Wednesday, May 25, 2011

A Bad Idea, and Evil to Boot

Here is an excellent article that came out today:

The Lehman Brothers Plan

You should read it and think about it – it is not long at all.  Just to whet your appetite, here is a big:

People often ask me, "What do you think the government should do instead of QE inflation?" My stock answer is that the government should not try to fight the depression with government spending and cheap credit. Trying to stop the market from correcting the errors of the past only delays the consequences and makes them much worse.

Government should balance its budget. There should be no new credit expansion by the Federal Reserve. Most importantly, government should not meddle in markets to try to soften the consequences of the correction. Specifically, that means no bailouts, stimulus packages, or new public-works projects. Do not prop up wages. Allow competition to lower the prices of land, labor, and capital. The only positive steps for government to take are implementing tax cuts and spending cuts, eliminating regulations, and allowing free trade.

One attendant point that the author does not add is that because of the repeated, failed attempts of government to avoid recessions, our latter-day ones have become more severe.  But apart from that, this is a very serious social ethical matter.

One of the main reasons governments try to lessen the effects of recessions (and remember, this does not work – it only postpones and aggravates the problem) is because politicians have for many decades now claim to have done things like “create jobs” and “help the economy.”  Governments can do nothing direct that will help any economy.  They can be frugal, as the author of the article recommends.  But EVERYTHING else governments do supposedly to “help the economy” makes the economy worse.

And this is an ethical problem because ALL the mechanisms governments use to “help” economies are violations of the Biblical Eighth Commandment – inflation, government works programs, you name it and it is more than a bad idea, it is a moral evil.

Have you ever heard a sermon at your church about something related to that?

Tuesday, May 24, 2011

Some Thoughts On Tornadoes

Headline from The Washington Post:

Obama to visit Missouri Sunday; deadly tornadoes on the rise

Kent comments:

A deadly tornado wipes out much of Joplin, MO.  What does The Washington Post notice about that?  What else?  Obama will pay them a visit.  Obama’s whole public persona rather turns my stomach at bit, but even apart from our beloved leader, I have always found government officials visiting disaster cites amusing.  Once  a strong storm came through where we live.  The next day I was out repairing the house and cleaning up the mess.  Did I care if the President, or any other official drove by to have a look?  Not really – unless he was prepared to get out of his expensive ride and do some work to help – which such persons never are, of course.  (Yes, I know they are sometimes willing to send other people’s money to ‘help’ – but that is another matter.)

But our story continues, and as I read, I wondered when the ‘global warming’ angle would show up.  Oddly, the next point was this:

An emerging body of research points to a cyclical drop in temperatures in the Pacific Ocean as part of the answer. Called La Nina, the cycle lasts at least five months and repeats every three to five years. This year La Nina is pushing a strong North American jet stream east and south, altering prevailing winds. The jet stream’s river of cool air high in the atmosphere pulls warmer, more humid air from the ground upward, forming thunderstorm “supercells.”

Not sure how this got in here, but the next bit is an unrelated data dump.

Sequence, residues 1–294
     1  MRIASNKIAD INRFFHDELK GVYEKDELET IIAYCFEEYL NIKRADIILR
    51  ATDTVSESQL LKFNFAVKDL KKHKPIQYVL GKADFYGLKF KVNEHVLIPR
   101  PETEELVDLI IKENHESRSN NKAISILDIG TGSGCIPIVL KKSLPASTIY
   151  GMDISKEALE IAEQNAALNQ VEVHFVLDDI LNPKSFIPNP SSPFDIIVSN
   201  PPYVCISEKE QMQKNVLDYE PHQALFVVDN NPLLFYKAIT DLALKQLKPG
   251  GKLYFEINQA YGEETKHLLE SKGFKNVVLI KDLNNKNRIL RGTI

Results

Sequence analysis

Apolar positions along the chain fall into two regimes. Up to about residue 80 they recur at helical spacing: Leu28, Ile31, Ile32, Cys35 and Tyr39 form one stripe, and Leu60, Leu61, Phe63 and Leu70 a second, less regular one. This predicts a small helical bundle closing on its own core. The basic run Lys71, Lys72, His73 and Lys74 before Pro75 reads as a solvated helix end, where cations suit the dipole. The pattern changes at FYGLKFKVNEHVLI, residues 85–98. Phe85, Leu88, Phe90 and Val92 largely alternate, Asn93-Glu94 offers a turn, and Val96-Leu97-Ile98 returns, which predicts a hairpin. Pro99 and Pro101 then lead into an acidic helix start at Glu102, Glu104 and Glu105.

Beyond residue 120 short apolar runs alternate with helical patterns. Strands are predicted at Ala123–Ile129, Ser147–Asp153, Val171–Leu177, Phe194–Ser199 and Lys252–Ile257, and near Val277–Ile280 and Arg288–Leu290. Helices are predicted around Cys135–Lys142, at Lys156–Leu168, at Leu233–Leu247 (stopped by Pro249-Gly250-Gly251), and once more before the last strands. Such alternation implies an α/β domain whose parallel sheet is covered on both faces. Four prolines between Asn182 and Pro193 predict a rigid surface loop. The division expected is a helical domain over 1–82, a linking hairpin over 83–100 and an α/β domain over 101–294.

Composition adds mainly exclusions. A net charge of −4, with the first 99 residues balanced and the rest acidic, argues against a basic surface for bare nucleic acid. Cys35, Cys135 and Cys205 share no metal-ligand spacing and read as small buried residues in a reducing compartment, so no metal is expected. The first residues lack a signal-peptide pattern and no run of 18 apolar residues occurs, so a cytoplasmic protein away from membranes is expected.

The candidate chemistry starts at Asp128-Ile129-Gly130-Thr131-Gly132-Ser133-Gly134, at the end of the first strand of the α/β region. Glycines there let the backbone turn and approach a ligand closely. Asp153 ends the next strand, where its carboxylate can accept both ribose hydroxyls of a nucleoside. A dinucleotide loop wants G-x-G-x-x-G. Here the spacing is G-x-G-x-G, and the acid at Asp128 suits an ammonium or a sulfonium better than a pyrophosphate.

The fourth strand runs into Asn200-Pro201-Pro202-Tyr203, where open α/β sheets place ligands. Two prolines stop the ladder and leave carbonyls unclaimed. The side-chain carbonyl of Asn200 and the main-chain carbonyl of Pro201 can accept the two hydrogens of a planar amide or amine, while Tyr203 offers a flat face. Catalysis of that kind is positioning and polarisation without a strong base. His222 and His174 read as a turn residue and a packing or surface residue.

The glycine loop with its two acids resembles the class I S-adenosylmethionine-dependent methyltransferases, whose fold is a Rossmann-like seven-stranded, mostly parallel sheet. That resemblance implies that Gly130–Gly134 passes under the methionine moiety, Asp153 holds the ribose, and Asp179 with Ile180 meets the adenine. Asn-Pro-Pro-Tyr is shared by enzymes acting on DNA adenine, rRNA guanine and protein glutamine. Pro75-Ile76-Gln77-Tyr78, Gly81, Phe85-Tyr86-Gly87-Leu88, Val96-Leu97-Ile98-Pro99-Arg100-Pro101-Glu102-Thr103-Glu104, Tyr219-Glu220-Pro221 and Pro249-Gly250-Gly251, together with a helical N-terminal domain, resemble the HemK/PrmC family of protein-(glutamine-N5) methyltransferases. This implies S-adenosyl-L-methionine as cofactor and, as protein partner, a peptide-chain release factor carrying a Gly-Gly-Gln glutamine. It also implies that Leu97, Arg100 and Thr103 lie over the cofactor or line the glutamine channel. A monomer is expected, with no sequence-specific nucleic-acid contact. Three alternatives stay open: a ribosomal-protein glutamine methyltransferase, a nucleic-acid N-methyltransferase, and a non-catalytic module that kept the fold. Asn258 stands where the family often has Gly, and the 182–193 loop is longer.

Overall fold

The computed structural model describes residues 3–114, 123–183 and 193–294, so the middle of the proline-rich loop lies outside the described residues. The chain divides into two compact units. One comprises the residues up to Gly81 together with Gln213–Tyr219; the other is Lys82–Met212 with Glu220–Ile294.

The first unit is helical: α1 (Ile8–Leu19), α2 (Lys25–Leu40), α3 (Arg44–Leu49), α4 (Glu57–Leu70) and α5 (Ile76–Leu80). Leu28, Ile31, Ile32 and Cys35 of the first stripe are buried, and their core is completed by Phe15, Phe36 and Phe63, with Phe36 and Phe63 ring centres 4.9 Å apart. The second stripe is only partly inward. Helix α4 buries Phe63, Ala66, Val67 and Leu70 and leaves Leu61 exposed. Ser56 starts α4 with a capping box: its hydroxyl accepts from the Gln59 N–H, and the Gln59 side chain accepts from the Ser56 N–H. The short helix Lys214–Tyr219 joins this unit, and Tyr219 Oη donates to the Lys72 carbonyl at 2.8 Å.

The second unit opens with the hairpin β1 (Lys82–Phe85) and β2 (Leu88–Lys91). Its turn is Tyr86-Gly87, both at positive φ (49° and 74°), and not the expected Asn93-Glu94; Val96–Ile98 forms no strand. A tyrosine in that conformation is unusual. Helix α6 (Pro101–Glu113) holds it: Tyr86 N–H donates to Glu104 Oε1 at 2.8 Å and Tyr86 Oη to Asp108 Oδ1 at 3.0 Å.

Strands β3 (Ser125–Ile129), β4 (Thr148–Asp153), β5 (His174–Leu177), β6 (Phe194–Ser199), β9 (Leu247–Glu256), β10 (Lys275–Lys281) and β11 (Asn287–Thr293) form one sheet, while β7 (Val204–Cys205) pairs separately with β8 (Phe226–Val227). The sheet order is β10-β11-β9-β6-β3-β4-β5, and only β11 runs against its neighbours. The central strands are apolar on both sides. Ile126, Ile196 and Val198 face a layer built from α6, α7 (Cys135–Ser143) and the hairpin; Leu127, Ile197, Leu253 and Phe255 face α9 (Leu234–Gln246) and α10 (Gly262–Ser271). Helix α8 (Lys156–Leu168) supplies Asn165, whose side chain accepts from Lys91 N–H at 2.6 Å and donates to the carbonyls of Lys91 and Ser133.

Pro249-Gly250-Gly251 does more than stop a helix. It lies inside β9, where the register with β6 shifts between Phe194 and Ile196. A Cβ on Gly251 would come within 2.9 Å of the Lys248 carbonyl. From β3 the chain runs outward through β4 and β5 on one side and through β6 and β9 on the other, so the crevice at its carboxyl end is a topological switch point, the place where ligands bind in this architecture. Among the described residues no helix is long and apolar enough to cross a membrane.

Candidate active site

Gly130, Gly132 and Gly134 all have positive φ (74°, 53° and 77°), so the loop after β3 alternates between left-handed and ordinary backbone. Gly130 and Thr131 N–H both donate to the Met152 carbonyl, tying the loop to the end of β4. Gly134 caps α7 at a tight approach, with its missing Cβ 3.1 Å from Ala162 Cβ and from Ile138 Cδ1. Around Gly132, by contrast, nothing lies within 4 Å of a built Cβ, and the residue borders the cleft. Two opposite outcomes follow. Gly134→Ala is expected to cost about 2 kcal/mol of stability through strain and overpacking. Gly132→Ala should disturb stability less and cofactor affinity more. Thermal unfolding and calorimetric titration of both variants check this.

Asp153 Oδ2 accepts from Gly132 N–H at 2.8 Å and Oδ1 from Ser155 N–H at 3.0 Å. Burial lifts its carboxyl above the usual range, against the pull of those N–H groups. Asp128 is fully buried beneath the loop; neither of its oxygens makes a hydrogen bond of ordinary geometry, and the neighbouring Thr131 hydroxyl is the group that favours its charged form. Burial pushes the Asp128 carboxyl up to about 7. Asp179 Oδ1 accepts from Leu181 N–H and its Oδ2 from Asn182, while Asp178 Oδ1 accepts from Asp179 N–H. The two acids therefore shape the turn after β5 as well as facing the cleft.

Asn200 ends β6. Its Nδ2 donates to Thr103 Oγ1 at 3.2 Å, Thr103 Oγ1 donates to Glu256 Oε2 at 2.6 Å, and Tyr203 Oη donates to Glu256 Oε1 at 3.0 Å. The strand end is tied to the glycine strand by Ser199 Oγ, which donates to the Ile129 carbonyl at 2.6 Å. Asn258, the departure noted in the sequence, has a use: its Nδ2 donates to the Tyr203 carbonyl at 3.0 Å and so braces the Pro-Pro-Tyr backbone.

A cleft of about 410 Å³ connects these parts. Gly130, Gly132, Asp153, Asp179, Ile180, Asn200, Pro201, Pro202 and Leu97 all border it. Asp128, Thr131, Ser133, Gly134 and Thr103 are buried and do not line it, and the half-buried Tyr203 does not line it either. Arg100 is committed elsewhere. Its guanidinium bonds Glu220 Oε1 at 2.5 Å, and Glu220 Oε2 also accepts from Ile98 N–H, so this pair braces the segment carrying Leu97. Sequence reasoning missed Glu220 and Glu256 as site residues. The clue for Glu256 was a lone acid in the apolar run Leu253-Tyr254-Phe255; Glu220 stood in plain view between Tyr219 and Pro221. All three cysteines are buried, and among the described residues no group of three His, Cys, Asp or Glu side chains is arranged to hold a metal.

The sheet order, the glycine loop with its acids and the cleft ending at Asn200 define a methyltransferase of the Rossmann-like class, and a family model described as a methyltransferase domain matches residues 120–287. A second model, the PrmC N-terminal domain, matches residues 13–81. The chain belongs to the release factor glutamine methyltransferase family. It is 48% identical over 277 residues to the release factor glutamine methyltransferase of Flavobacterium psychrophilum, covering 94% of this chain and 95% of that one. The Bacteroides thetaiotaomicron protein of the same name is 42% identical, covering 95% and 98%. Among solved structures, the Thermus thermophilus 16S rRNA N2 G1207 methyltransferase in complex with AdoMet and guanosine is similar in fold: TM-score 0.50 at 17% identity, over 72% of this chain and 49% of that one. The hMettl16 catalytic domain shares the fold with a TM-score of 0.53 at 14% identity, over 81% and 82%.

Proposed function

You mean the Pacific Ocean getting cooler could help create more deadly tornadoes?  That’s what some think.  But The Washington Post were not just going to leave those chips on the table.  The very next words were:

The climate-change factor?

“Climate change could be boosting one of those ingredients [for tornadoes], but it depends on how these ingredients come together,” said Robert Henson, a meteorologist at the University Corporation for Atmospheric Research.

Well, they tried to get ‘climate change’ in the mix, but their experts weren’t really biting this time.  I can just see those reports overcome with disappointment.

Saturday, May 21, 2011

Don’t Say ‘Shotgun’

Shotgun Club raises alarm on campus

Published on February 09, 2011.
By Cassie Stone

A new club forming at Northern Kentucky University and its promotional materials are raising safety concerns for some students.

The Shotgun Club is a registered campus organization designed to bring interested students together to compete in trap and skeet shooting competitions, but the new club’s name choice made some students concerned that it might be promoting personal gun use . . .

Kent comments:

This is a ‘story’ from The Northerner, the official, university-sponsored student newspaper at Northern Kentucky University.  I don’t know Cassie Stone, and I am not picking on her in particular.  NKU is just ‘my place’ so I pay attention here.  But if you have ever wondered why it is that reporting is biased, you can see that it begins early, and appears to be encouraged by those who teach journalism.

Now, to be completely fair (something journalists don’t always bother to do), this story does go on to quote a university official who attempts to disarm (maybe a little pun intended here on my part) these “concerns”.

But notice how this story begins.  Our attention is supposed to be arrested by the concern of “some students.”  Who are these students?  How many students?  None of these questions are even recognized in the ‘story’ – let alone answered.  One wonders if the “students” who were concerned might be just Cassie Stone and some one person she knows.

But, whoever they might be, notice also exactly what “concerns” these students:  the name of the club.  These students are “concerned” that a group is named “The Shotgun Club.”  A name like that worries me to the point of sickness – how about you?

Can’t you just picture this little group of concerned students (assuming they exist) huddled in some corner of campus, worrying about the name “Shotgun”?  Imagine someone passing by whispering the word “shotgun” – at the sound of which the group faints dead away in fear.